The CPR aims to ensure that construction products can freely circulate within the Single Market, achieving this by laying down harmonised EU standards for construction products and rules on the CE marking of these products. The existing harmonised rules focus on technical properties such as fire, insulation, and structural performance. A key aim of the CPR revision is to extend rules to cover sustainability aspects of construction products.
According to the proposed revised CPR, construction product manufacturers will have to deliver environmental information about the life-cycle of their products and comply with several obligations, including:
- Design and manufacture a product and their packaging in such a way that their overall environmental sustainability reaches the state of the art level;
- Give preference to recyclable materials and materials gained from recycling;
- Respect the minimum recycled content obligations and other limit values regarding aspects of environmental sustainability;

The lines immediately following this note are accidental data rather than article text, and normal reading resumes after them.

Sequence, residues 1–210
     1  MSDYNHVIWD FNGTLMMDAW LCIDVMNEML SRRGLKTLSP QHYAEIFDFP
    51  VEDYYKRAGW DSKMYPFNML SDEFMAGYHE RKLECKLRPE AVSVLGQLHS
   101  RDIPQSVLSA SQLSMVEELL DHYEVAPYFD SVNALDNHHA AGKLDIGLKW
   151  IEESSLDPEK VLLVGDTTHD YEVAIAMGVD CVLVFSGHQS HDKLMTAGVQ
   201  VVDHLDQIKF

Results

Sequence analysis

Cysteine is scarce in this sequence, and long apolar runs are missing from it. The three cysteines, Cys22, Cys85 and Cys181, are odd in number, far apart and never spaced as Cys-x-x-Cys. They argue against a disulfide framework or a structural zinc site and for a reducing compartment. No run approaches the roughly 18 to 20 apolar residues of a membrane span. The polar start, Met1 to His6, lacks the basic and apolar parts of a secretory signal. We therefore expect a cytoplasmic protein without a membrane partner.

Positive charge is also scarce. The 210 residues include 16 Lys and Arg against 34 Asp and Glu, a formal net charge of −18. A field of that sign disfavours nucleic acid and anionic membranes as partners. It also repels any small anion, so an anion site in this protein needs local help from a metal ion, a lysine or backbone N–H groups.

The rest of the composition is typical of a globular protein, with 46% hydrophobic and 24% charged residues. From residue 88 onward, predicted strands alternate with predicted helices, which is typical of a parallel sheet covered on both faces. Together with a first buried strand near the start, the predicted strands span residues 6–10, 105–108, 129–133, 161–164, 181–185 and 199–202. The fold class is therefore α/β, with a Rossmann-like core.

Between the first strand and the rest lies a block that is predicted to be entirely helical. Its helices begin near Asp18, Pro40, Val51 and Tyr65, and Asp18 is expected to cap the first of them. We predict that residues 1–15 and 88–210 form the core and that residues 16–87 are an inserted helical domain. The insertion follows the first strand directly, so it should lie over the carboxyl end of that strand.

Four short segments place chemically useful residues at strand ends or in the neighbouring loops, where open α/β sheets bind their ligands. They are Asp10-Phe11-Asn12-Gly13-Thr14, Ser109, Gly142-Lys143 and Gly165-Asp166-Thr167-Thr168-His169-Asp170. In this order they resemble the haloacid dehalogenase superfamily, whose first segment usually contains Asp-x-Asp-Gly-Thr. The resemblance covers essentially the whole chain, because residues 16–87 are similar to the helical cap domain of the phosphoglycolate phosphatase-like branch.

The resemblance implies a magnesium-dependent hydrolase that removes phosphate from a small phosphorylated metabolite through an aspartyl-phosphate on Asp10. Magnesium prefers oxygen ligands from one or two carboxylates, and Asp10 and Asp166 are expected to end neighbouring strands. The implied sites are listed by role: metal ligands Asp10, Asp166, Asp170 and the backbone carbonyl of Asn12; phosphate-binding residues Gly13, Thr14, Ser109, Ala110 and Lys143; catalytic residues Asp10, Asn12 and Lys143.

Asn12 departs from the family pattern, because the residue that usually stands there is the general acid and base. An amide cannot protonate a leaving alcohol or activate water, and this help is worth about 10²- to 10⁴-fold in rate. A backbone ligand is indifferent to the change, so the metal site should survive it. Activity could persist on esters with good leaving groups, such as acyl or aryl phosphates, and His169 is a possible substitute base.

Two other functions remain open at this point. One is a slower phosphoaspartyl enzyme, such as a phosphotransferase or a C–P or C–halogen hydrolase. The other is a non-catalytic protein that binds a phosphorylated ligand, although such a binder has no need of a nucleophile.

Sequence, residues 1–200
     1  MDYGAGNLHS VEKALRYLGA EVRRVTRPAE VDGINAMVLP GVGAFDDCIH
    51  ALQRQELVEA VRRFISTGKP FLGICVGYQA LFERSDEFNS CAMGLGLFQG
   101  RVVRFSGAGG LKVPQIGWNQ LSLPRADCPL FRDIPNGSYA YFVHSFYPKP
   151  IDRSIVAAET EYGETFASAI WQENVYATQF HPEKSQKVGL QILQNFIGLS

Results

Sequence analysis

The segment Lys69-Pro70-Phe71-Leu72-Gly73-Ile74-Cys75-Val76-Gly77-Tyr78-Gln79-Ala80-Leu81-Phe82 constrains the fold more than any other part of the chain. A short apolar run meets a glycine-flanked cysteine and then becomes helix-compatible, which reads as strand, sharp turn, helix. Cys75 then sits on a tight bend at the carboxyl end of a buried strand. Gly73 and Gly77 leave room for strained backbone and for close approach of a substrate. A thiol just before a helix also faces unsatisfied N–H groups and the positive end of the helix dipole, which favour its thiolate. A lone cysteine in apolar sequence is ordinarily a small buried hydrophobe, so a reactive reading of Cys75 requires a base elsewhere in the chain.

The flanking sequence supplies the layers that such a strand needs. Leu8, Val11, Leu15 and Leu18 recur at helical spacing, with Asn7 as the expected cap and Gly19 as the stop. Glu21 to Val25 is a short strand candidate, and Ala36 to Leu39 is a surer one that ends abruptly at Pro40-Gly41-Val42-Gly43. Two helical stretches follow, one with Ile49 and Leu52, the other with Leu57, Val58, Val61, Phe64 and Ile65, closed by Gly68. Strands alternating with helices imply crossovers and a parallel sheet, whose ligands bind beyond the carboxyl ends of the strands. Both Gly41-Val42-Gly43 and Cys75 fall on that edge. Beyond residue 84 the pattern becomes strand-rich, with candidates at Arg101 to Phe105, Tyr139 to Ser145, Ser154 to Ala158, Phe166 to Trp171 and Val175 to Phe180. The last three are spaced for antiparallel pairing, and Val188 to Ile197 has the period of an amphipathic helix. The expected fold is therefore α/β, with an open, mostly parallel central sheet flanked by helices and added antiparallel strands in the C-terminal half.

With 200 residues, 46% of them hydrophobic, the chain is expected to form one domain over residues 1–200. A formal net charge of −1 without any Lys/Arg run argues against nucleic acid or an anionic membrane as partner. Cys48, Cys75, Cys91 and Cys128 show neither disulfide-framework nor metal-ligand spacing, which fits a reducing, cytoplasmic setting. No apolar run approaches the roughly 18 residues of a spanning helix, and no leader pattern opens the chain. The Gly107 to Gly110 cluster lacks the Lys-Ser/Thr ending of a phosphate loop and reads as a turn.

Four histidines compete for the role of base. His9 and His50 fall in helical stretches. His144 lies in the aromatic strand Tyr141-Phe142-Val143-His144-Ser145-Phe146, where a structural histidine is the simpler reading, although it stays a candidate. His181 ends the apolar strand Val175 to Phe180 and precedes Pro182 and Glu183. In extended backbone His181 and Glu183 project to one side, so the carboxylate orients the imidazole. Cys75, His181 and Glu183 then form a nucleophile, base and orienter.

- Make available, in product databases, instructions for use and repair of the products;
- Design products in such a way that re-use, remanufacturing and recycling are facilitated.
To prove that products meet the EU requirements, the manufacturer will be required to draw up a declaration of performance and a declaration of conformity and affix the CE marking. The manufacturer will draw up technical documentation describing the intended use and all the elements necessary to demonstrate performance and conformity.
This technical documentation will include the mandatory calculation of environmental sustainability assessed in accordance with harmonised technical specifications. The required technical specifications are expected to align closely to EN 15804+A2, the latest EU standard for performing a life-cycle assessment (LCA) and producing an Environmental Product Declaration for construction products.